All You Need To Know About Pumpkin
Pumpkins are one of the most widely grown vegetables. It is highly rich in vitamins and vital antioxidants. Though the pumpkin has very low amounts of calories, it is very rich in Vitamin-A and has flavonoid polyphenolic antioxidants such as xanthin, lutein and it also contains a high level of carotenes.
The pumpkin fruit is a vine that grows very fast and creeps along the ground surface similar to other vegetables and fruits in the Cucurbitaceae family such as cantaloupes, squash, and cucumber. It is one of the most popularly cultivated field crops all over the world, being farmed commercially for its seeds and fruit.
The fruits from a pumpkin come in varying sizes, shapes and colors. Giant pumpkin fruits typically weigh between 4 and 6 kilograms and the largest fruits can reach a weight of over 25 kilograms. Pumpkin fruits of the golden-nugget variety are smaller and flat. They are usually creamy and sweet and their flesh is orange.
What Kind of Pumpkins Can You Find in The Market?
Generally, pumpkins have yellow or orange exterior skin. However, it also comes in brown, white, gray, red and dark to pale green. Orange and yellow pigments largely influence the color characteristics of a pumpkin on the skin and pulp. The thick rind of a pumpkin is usually smooth with light and vertical ribs.
Inside, pumpkin fruits typically feature an orange to golden-yellow flesh. The color usually depends on the polyphenolic pigments in the fruit. A pumpkin fruit usually has a hollow center with many small seeds that have an off-white color. The seeds of a pumpkin fruit are a great source of minerals, vitamins, omega-3 fatty acids and proteins.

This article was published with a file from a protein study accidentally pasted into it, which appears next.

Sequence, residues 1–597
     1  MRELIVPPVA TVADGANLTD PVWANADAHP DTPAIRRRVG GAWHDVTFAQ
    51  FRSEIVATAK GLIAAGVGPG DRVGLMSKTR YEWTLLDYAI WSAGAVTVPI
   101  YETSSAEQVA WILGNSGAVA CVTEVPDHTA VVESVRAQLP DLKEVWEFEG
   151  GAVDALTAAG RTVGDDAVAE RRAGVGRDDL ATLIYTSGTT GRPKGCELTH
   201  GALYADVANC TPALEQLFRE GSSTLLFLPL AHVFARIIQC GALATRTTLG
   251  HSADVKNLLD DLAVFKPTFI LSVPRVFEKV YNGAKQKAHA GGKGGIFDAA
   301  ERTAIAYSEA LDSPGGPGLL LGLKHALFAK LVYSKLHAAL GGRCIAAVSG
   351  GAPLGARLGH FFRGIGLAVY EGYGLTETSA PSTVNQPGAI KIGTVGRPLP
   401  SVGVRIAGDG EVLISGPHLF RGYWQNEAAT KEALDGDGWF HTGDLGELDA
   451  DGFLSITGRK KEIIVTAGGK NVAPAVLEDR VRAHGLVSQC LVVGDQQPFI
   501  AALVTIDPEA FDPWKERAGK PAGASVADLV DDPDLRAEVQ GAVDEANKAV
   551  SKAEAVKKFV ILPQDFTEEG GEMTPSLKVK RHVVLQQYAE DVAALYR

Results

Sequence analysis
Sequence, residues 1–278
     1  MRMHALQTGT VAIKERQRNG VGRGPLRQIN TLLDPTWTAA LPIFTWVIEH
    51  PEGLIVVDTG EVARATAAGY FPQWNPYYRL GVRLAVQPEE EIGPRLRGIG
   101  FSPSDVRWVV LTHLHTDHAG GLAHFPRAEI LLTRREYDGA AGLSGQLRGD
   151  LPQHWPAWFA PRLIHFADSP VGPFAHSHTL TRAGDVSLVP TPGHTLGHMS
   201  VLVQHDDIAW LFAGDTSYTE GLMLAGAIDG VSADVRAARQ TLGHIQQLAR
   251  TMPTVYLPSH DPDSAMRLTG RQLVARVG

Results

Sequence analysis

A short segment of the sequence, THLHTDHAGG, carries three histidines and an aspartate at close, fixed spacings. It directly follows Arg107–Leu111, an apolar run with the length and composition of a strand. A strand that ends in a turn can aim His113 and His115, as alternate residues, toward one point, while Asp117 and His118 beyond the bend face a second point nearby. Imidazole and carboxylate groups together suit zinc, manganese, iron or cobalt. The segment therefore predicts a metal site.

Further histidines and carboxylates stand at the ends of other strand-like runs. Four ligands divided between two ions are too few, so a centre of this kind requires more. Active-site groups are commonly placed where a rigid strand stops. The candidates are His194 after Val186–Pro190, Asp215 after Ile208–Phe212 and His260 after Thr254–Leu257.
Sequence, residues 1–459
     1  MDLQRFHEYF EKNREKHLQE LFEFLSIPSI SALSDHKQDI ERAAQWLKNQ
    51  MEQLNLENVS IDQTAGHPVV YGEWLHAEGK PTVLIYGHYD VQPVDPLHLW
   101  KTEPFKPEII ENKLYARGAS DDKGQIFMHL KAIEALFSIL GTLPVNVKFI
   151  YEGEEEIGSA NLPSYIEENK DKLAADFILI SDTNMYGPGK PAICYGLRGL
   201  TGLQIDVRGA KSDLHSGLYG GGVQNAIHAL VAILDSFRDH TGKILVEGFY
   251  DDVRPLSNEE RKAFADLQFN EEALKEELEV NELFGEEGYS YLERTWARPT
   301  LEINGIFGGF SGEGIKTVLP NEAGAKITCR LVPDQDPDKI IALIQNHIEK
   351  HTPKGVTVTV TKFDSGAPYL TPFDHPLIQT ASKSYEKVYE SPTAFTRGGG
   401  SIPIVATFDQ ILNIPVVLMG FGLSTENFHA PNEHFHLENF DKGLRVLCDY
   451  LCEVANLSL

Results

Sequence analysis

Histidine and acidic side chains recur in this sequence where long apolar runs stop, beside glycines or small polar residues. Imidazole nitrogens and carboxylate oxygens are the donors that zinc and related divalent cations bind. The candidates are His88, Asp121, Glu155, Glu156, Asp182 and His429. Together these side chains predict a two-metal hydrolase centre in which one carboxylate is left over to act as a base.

What Health Benefits Do Pumpkins Have?
The pumpkin contains very low calories. 100 grams of pumpkin fruit typically contains only 26 calories. The fruit also does not have cholesterol or saturated fats. However, it contains very high levels of vitamins, minerals, antioxidants, and dietary fibers. Dietitians usually recommend the pumpkin vegetable to individuals looking to control their cholesterol levels and those taking part in weight loss programs.
Pumpkins are also a rich source of antioxidant vitamins such as Vitamins A, C, and E.
The pumpkin is one of the vegetables and fruits in the Cucurbitaceae family that has the highest levels of Vitamin-a with 7,384 mg for every 100g. This means it provides about 246% RDA. Vitamin-A is a very critical natural antioxidant that is needed by the body for great skin and to maintain the integrity of the mucosa. Vitamin-A is also important in providing great eyesight. Results from research carried out also suggest that Vitamin-A plays an important role in protecting a person from contracting oral cavity cancers and lung cancer.
Pumpkins are also a great source of numerous natural poly-phenolic flavonoid compounds such as cryptoxanthin, lutein, zeaxanthin, α, and ß-carotenes. The α, ß-carotenes convert into Vitamin-A once they are in the human body.